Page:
There are a heck of a lot of headphones in the Sennheiser range, almost Nokia type proportions but there are some classics that stand the test of time and one of them was and still is the HD25-1 II. Revered for its form and function in the professional DJ circles and many more beyond that for it’s enduring sound, some may argue the HD25-1 II gave birth to the modern consumer beats driven tonality in many of today’s headphones. Outside of the slightly hot treble in the stock steel cables, the HD25 is a very likable headphone indeed and has been on the go for years now.
It is not often you get an updated model and its perhaps more accurate to say that Sennheiser do not want you to think of this as an upgraded model with a name like Amperior rather than a new number in the range. It certainly evokes the spirit of the HD25-1 II and looks very similar in form and function. However on closer inspection there are a number of key differences externally and naturally internally not to mention the tonality or how it sounds.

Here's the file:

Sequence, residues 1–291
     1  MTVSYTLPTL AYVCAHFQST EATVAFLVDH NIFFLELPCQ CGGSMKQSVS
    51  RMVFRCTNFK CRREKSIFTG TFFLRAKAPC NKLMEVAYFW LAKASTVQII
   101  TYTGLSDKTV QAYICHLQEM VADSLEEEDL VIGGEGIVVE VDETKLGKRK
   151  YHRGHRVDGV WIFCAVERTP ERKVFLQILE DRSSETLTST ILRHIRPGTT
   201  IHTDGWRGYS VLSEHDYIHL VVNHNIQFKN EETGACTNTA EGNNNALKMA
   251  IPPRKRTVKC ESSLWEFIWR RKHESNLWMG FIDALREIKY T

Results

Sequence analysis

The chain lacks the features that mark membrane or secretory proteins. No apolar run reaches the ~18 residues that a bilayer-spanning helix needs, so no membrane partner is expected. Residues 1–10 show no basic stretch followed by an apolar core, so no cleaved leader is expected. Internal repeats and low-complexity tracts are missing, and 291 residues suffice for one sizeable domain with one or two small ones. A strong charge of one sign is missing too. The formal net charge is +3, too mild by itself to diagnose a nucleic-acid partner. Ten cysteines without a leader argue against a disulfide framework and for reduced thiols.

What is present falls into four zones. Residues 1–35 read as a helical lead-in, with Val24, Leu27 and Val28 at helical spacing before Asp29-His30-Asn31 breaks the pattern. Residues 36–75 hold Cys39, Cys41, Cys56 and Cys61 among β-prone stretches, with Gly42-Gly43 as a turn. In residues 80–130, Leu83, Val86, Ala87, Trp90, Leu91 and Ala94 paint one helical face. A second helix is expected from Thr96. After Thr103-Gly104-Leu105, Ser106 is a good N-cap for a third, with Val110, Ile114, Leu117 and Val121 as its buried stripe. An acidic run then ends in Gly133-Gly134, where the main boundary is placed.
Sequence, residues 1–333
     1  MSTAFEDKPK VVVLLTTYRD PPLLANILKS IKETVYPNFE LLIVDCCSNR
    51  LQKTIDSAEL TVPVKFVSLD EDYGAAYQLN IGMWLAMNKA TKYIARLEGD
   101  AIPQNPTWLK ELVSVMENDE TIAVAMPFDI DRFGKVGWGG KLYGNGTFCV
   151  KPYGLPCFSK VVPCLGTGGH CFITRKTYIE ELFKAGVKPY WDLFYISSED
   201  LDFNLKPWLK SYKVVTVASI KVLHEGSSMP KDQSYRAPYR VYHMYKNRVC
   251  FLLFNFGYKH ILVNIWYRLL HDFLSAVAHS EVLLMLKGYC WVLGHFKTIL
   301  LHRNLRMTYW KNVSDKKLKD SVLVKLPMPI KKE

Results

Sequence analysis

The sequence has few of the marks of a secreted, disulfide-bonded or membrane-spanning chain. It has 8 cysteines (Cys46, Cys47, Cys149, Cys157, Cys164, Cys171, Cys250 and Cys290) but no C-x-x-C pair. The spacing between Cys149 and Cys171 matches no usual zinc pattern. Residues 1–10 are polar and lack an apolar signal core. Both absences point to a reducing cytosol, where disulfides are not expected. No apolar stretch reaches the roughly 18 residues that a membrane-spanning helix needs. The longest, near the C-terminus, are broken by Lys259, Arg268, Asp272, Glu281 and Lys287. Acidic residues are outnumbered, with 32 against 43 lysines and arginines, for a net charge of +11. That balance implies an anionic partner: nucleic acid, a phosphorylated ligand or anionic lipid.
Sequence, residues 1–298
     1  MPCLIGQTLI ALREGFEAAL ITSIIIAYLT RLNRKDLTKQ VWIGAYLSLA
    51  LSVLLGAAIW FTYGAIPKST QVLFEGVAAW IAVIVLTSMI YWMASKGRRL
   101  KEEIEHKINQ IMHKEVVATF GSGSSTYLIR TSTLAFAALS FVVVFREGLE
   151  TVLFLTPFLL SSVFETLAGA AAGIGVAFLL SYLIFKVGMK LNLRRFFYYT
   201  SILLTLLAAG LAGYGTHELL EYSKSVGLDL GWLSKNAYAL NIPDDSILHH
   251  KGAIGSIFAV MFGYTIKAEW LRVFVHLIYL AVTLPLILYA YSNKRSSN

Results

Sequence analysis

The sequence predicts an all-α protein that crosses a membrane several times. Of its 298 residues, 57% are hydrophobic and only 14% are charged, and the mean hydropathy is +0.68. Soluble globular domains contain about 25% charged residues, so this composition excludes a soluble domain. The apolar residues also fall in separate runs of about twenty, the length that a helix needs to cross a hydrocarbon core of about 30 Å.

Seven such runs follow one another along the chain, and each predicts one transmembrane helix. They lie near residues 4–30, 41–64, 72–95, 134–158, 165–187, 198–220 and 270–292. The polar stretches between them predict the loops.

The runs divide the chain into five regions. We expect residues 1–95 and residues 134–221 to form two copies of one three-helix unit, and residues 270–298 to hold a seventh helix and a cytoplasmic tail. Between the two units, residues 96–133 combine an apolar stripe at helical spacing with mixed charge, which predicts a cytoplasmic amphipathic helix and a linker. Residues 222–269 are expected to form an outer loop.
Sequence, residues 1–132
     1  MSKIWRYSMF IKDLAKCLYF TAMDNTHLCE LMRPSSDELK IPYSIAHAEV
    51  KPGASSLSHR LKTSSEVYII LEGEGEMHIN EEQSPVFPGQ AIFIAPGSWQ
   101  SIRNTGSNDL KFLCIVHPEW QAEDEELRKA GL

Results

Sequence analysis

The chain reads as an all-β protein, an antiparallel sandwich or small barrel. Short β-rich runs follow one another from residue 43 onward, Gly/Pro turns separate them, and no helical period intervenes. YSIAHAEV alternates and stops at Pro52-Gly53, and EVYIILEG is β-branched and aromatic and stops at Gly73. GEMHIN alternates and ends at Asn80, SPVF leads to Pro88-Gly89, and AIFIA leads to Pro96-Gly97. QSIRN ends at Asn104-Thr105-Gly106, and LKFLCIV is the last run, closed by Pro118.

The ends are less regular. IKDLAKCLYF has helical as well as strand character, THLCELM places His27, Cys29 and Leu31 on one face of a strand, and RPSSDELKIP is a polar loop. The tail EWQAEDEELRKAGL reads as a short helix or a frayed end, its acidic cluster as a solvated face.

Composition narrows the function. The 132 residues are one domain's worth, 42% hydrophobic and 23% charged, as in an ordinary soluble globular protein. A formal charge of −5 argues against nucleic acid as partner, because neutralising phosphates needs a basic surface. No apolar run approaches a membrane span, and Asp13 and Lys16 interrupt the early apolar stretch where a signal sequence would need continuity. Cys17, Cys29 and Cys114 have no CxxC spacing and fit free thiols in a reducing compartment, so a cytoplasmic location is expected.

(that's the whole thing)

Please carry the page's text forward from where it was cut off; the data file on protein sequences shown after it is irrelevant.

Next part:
What has changed?
The biggest change to the setup are the new aluminum cups on the Amperior which replaces the solid plastic cups of the HD25-1 II. Quite apart from the color designs you can get with these new cups – a nice little silver which matches my Just Audio portable amps to a tee and a rather unattractive blue (is it just me?) – they are also a good bit more taut or stiffer than the HD25 cups and as the guys at Inner Fidelity quite rightly point out the chambers of these new cups handle the drivers in much more confident and noise free manner than the HD25. This is most apparent in the way the Amperior dealt with the previous main criticism of the the HD25 that the treble sizzled a bit too much and sounded a bit harsh at the top end.